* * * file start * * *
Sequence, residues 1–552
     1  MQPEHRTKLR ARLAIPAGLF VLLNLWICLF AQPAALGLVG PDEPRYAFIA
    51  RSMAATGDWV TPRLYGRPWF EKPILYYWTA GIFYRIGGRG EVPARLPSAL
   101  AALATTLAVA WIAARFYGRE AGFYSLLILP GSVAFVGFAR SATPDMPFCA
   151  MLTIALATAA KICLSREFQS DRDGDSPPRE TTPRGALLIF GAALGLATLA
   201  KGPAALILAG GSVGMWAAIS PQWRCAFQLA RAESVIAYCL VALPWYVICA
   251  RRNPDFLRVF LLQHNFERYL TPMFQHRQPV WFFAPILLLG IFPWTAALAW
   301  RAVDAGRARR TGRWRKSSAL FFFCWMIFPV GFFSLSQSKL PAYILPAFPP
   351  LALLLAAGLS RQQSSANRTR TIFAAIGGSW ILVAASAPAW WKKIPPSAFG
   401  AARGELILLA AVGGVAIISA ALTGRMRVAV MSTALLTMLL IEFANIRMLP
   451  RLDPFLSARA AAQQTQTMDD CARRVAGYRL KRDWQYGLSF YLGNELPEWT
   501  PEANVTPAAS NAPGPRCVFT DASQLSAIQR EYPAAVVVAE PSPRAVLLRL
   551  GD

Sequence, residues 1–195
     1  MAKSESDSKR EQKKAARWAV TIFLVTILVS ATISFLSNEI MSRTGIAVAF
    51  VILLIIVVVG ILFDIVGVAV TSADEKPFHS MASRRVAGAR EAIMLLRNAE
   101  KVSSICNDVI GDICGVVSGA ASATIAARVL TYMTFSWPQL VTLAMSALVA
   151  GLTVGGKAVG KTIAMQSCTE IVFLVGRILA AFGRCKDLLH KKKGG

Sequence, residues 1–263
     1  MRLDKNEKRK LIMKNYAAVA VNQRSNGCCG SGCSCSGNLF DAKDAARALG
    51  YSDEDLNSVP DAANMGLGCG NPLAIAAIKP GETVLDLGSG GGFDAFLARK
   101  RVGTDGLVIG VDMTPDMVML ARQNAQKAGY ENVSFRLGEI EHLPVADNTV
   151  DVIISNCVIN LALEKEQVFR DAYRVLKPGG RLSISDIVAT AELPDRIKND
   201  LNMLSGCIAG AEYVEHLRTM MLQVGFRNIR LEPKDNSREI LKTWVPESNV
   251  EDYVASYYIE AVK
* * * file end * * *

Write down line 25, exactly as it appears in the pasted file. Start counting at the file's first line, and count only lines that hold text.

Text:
   251  EDYVASYYIE AVK